Evidence of impact of aviation on cirrus cloud formation
- ISSN: 1680-7324
- DOI: 10.5194/acp-3-1633-2003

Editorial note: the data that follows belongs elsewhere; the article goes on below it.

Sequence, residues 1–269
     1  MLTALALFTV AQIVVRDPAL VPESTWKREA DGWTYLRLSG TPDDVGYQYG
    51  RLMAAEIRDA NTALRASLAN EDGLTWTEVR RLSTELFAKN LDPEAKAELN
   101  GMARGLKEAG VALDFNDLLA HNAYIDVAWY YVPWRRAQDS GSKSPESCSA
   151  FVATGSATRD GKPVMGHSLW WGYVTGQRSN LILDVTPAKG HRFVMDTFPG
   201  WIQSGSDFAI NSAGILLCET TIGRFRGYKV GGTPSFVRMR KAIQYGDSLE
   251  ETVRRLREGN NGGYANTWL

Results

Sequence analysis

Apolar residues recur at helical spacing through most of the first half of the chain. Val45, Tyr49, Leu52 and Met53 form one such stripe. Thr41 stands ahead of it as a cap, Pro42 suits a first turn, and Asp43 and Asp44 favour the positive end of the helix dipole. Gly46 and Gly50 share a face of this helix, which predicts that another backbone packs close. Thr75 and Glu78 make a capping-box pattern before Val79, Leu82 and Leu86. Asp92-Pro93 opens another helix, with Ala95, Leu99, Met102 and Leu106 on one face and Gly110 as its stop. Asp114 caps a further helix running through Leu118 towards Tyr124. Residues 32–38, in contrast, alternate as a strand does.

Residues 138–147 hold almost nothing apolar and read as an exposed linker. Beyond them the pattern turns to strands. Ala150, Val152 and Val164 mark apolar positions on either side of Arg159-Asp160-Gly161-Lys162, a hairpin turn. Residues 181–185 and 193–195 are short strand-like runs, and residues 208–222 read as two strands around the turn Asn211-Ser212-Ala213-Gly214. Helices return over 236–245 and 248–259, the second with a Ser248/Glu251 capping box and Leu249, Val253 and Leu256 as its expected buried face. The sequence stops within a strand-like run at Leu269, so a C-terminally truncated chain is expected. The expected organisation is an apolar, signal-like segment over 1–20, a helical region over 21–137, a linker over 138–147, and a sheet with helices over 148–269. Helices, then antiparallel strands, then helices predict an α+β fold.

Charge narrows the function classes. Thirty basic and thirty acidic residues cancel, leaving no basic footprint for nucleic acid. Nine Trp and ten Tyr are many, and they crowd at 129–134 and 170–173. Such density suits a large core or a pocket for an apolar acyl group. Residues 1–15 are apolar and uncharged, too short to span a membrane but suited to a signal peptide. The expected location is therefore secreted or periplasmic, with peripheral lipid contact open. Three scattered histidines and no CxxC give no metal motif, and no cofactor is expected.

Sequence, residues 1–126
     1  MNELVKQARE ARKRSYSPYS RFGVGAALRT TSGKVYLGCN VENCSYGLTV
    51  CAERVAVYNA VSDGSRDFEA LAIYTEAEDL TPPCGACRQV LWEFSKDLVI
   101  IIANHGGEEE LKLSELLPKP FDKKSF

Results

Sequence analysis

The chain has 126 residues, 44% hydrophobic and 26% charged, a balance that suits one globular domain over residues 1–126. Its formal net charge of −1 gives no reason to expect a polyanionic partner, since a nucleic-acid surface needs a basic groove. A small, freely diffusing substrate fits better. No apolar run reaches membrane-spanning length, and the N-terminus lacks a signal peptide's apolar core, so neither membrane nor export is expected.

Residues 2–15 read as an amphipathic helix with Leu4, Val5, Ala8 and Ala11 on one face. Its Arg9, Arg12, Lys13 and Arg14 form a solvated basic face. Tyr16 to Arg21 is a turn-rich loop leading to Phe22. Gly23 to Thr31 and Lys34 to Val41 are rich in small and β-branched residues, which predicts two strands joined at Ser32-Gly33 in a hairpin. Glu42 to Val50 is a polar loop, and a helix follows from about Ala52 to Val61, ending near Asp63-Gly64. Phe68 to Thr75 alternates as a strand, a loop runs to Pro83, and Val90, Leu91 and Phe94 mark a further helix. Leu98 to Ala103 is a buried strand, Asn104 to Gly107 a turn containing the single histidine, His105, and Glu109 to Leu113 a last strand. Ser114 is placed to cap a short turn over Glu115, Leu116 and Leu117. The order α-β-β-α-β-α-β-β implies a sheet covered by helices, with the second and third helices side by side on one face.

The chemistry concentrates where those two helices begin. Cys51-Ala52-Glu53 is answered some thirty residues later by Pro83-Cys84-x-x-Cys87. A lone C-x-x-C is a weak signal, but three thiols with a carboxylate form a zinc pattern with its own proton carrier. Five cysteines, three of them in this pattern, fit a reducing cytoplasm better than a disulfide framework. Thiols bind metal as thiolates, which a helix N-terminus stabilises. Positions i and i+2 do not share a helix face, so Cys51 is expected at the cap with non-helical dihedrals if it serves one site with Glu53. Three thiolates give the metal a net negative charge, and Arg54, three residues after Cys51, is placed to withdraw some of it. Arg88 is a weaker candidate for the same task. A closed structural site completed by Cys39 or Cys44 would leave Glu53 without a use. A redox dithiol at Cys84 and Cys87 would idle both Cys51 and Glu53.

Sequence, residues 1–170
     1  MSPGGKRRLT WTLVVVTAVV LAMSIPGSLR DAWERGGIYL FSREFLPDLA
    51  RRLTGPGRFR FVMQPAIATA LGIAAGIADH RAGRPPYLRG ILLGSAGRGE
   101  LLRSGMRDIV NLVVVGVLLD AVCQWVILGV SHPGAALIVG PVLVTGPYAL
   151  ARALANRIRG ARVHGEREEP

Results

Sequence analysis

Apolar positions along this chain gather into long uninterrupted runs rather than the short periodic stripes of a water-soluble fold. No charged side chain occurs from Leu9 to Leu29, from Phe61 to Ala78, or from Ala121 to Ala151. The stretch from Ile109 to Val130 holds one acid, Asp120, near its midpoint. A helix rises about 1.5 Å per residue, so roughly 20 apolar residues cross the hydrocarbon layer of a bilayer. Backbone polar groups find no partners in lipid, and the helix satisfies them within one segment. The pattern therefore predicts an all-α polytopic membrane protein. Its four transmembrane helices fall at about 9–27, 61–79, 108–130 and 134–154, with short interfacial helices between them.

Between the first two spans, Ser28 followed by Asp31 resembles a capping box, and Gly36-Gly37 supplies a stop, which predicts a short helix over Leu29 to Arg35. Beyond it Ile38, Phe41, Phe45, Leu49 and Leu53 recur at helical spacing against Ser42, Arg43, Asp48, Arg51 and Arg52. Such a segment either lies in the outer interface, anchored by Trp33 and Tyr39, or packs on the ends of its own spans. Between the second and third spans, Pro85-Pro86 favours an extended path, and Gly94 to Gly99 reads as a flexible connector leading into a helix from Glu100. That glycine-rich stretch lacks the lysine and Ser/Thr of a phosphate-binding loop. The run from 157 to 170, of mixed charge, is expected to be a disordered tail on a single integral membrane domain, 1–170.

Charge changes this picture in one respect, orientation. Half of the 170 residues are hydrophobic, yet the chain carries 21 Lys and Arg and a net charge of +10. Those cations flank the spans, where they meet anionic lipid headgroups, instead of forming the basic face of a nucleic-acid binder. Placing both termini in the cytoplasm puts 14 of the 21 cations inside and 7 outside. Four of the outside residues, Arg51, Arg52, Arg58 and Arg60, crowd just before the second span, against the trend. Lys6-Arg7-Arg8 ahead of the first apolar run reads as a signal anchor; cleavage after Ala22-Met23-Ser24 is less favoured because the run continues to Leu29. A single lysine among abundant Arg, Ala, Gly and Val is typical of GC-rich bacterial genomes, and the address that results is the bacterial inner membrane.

This work examines changes in cirrus cloud cover (CCC) in possible\nassociation with aviation activities at congested air corridors. The\nanalysis is based on the latest version of the International Satellite\nCloud Climatology Project D2 data set and covers the period 1984-1998.\nOver the studied areas, the effect of large-scale modes of natural\nclimate variability such as ENSO, QBO and NAO as well as the possible\ninfluence of the tropopause variability, were first removed from the\ncloud data set in order to calculate long-term changes of observed\ncirrus cloudiness. The results show increasing trends in (CCC) between\n1984 and 1998 over the high air traffic corridors of North America,\nNorth Atlantic and Europe. Of these upward trends, only in the\nsummertime over the North Atlantic and only in the wintertime over North\nAmerica are statistically significant (exceeding +2.0% per decade).\nOver adjacent locations with low air traffic, the calculated trends are\nstatistically insignificant and in most cases negative both during\nwinter and summer in the regions studied. These negative trends, over\nlow air traffic regions, are consistent with the observed large scale\nnegative trends seen in (CCC) over most of the northern middle latitudes\nand over the tropics. Moreover, further investigation of vertical\nvelocities over high and low air traffic regions provide evidence that\nthe trends of opposite signs in (CCC) over these regions, do not seem to\nbe caused by different trends in dynamics. It is also shown that the\nlongitudinal distribution of decadal changes in (CCC) along the latitude\nbelt centered at the North Atlantic air corridor, parallels the spatial\ndistribution of fuel consumption from highflying air traffic, providing\nan independent test of possible impact of aviation on contrail cirrus\nformation. The correlation between the fuel consumption and the\nlongitudinal variability of (CCC) is significant (+0.7) over the middle\nlatitudes but not over the tropics. This could be explained by the fact\nthat over the tropics the variability of (CCC) is dominated by dynamics\nwhile at middle latitudes microphysics explain most of its variability.\nResults from this study are compared with other studies and for\ndifferent periods of records and it appears that there exists general\nagreement as to the evidence of a possible aviation effect on high cloud\npositive trends over regions with congested air traffic.